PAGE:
Do your Pull Requests (PRs) seem unfocused? Do they languish for days before someone finally gets around to looking at it? Is the feedback that you get unhelpful? Are you finding nasty bugs in your code only when someone looks at your PR’s?
I’ve been there. And I know a better way - follow along!
At my current position we have adapted our process such that now our Pull Request stage is one of the most crucial parts of our workflow. This is the stage when we not only look at the code, but also evaluate the functionality (i.e. QA) and make sure that everything works, and nothing breaks unexpectedly.
In our workflow, the next stop after a PR gets merged is production. So, we have to take them pretty seriously.
What helps most when opening a Pull Request is writing out, clearly, a few pieces of information so that potential reviewers are much more quicly orientated.
- The objective of the work / the bug you’re trying to fix
- Steps to test your solution
Adding the objective / bug
You have to keep in mind the mentality of the other reviewers on your team who you’re asking to look at your Pull Request. They’re busy with their own work - they would probably much rather be solving their problems.
Spell out simply and clearly the point of your Pull Request. I can’t tell you how many PR’s I’ve seen with no ‘description’ at all. The titles of your Pull Request, 98 times out of 100, are not enough information to go on.
Remember that your teammates aren’t looking at your ticket - they don’t necessarily know what it’s about. And even if they are familiar with the work needed, they might not have that information top of mind when they get around to looking at your work.
Within your Pull Request’s description - either add some semblance of the acceptance criteria provided, or the steps to reproduce a bug.
Adding Steps to Test
The biggest thing that I’ve seen help PR’s along is adding clear steps to test your work. They should be easy to follow, short, steps in order.
Something like this, if you’re fixing a bug (in this case, a weird layout overlap):
- Start from the
- Visit the /about/ page
- Note that the author names are overlapping the author photos
- Pull down this branch
- Refresh the /about/ page
- Note that the overlap is fixed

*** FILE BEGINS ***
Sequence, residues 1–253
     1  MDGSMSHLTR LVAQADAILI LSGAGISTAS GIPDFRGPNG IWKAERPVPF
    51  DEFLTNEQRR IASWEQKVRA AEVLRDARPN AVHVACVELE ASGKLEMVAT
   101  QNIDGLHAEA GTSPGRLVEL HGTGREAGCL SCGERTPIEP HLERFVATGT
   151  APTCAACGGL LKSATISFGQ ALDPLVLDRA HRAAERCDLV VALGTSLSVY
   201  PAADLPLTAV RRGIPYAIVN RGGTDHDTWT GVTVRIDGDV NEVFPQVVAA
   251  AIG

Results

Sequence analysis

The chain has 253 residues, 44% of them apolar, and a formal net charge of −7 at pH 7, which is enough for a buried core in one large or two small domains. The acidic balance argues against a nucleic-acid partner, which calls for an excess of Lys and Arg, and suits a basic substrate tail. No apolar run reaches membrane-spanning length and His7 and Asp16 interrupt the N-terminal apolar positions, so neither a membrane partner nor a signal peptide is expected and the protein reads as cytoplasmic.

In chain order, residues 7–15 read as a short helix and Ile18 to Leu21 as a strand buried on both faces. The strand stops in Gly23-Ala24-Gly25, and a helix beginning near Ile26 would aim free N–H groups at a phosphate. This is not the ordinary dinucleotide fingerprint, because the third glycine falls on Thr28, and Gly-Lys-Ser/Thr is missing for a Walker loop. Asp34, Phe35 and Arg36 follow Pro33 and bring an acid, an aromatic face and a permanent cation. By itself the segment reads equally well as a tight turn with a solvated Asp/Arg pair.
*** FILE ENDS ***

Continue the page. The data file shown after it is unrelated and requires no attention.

Or if you’re adding a feature:
- Pull down this branch
- Visit the /store/ page
- Note the new promotional component at the top of the page
- It should pull the featured image from our CMS’s API
- The headline and supporting text are pulled from our CMS
- The component layout works across breakpoints
- Clicking the Call to Action button takes you to the catalog page for the featured item
Why spell all this out?
First and foremost, what you are now doing is making your PR actionable for your reviewers. They don’t have to think about how to evaluate your PR. Sure, they can nit pick coding decisions, but you’re done the hard work in terms of laying out what they should be looking at.
You want to make this as easy as falling off a log for your reviewers. The less that they have to think about your PR, the faster they’ll actually look at it. Your objective should be to remove as much friction as possible for reviewers of your PR.
There is one big drawback to this approach - opening PR’s takes a lot longer. Sometimes it takes me close to half an hour just to fully fill out my PR description.
But I think this time will more than be made up for by the speed with which your PR’s get approved. Also, if you are the one opening a PR, you’re asking of someone else’s time - isn’t it up to you to make it as easy as possible for the other parties?
Clarity of thought
Another major benefit that I’ll point out to adding steps to test to your PR is that it causes you to stop and think about what you’re trying to acheive. Because you’re trying to articulate these steps, it forces you to crystalize what is happening. You may find yourself considering important edge cases at this step that you weren’t originally.
Or, maybe there are multiple permutations of what you’re trying to make happen, and only some work. I have found also that when you’re doing work that touches many places in your project, it’s important to list different views individually and mention what to look for.
A blueprint for automated tests
The last benefit that I’ll mention is that when you’ve done a good job listing out all of the ways your work should be evaluated - you now have in your posession a very good test plan.
If the PR that you just authored doesn’t contain automated tests already, you at least already have a very good guide of how to go about authoring them.
I hope that with some care and some forethought, you can open Pull Requests that are actionable for your reviewers. By adding steps to test your work you remove friction for your reviewers, which makes them more likely to get your work reviewed faster. Along the way you’ll be forced to think very carefully about your work so that you can articulate these steps, which will hopefully lead to better, more complete work.